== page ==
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Main contender 

Shelia Fougere becomes the first official candidate to oppose incumbent Peter Kelly. Has she got the right mayoral stuff? Jane Kansas sizes her up.

I am out on my porch early, brushing the cat, waiting for Sheila Fougere to arrive for our interview, mulling over questions for her. One good question to ask would be whether she would be the kind of mayor who rides a bicycle or takes a bus.

It's way too early to expect an election platform, but the woman must have views. After all, she's been a councillor for nine years. And I'm going to nail her on the bicycle problem in Halifax.

Sheila Kathleen Fougere arrives. On a bicycle. It's a Challenger Triumph decked out with a strong bike rack holding a pannier and a handle holding a tiny computer. She's geared up too: helmet, gloves, jacket. It's clear this woman is a serious bike rider.

Fougere was born in Halifax 50 years ago, the second youngest of seven children. She attended St. Thomas Aquinas and St. Pat's schools. "I thought I was going to become a french physicist," she says with a laugh, "because those were my two best subjects."

Instead, she worked for a year in the Sears catalogue warehouse and took an optician course. Then it was Dalhousie; she started in physical education but ended up with a BSC in recreation administration. A year at the University of North Texas in Denton, 40 miles north of Dallas, followed.

For the next 14 years she was back in Halifax as manager of conference services and manager of off-campus housing at Dalhousie; marketing co-ordinator for Where Magazine; a meeting and special event planner and mother of Brad (now 21 and playing guitar for Friends of the Red Army Faction, Reganomics and Eviction Party) and Laurel (now 19 and studying at the University of Ottawa).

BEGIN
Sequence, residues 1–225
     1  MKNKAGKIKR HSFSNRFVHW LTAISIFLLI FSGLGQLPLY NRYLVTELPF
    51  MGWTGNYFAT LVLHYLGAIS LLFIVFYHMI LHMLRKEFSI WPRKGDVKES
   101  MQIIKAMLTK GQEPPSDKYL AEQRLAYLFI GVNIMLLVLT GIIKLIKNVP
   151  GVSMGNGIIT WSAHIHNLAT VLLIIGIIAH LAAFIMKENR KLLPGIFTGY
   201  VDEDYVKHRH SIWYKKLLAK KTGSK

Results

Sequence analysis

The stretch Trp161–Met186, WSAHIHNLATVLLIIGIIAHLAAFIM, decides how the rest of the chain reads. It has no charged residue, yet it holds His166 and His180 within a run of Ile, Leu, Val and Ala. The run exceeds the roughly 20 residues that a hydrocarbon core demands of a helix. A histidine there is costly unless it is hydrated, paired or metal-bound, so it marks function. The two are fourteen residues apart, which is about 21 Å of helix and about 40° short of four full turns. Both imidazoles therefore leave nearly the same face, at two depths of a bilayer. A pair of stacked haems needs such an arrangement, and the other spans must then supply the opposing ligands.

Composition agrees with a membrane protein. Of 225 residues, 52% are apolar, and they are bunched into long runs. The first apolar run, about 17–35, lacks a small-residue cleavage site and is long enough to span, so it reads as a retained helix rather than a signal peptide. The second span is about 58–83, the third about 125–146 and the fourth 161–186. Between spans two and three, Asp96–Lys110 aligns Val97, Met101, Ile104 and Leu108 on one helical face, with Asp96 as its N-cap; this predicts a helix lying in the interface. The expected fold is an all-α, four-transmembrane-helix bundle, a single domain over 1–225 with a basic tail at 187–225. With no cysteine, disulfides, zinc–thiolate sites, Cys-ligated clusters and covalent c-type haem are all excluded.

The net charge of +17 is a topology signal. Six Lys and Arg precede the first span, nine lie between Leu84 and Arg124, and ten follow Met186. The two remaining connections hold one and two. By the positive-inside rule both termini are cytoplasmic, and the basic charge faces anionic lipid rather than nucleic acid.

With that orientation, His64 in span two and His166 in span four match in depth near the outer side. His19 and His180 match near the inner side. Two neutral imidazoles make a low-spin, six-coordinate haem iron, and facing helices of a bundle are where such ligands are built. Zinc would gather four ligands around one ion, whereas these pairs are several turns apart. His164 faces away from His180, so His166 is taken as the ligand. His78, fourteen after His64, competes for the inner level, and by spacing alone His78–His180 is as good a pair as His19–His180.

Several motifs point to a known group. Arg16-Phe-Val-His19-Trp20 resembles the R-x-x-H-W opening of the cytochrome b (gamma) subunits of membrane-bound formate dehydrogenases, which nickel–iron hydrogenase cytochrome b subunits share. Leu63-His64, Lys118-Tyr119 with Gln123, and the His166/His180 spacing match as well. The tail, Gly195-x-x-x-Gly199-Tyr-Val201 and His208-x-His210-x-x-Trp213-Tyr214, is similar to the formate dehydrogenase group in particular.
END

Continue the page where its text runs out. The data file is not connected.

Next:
In 1998 there was a by-election to fill Howard Epstein's vacated seat on city council. Fougere was at home reading in the newspaper about the people running for councillor for District 14, Connaught-Quinpool. She looked up and said to her husband Joe (one of two full-time bicycle cops in town), "Same old, same old. Why doesn't somebody ordinary run?" Joe said, "Well, do something about it."

She did. Only three years later, in 2001, there was a rumour that Fougere was getting ready to run for mayor in 2004. She ended up running for the federal liberals in June of 2004, and lost. By October she was ready for council again.

True to her word, Fougere will not run for council in 2008. She'll run for mayor. "This is such a great place to live," she says, "but I see it as being in stall mode--survive, not thrive." Fougere has seen things in other places she'd like to see in Halifax.

"I want bicycle-friendly intersections like in Norway, Amsterdam and Hamilton, New Zealand, where bikes move ahead of vehicular traffic. I want things like pedestrian walk-ways," she says. "I want better communication with the public. Taronga, New Zealand is a little place half the size of the HRM. They have a monthly newspaper free on newsstands and online; it tells people what that city is doing, what's controversial, and who's responsible.

"Transportation is a big deal," she says. "Chebucto Road is a perfect example of how, as council, we have stuck up for one- dimensional thinking. In the HRM Active Transport report, Chebucto Road is listed as a major east-west bike route. All conventional wisdom tells you widening roads is a bad idea." Fougere pauses and thinks for a moment. "Transit is one of the things we are getting better at—but we can still get better."

Fougere laughs when I suggest she is WYSIWYG—What You See Is What You Get. "I'm complex," she says, "but not complicated. I think you can be both pleasant and intelligent. If I say something, I mean it."

Fougere straps on her helmet and wheels her bicycle into the street. It is a one-way street leading away from downtown, and I thrill at the thought of reporting Fougere riding the wrong way on a one-way street. She looks both ways and rides off, away from downtown. The right way.

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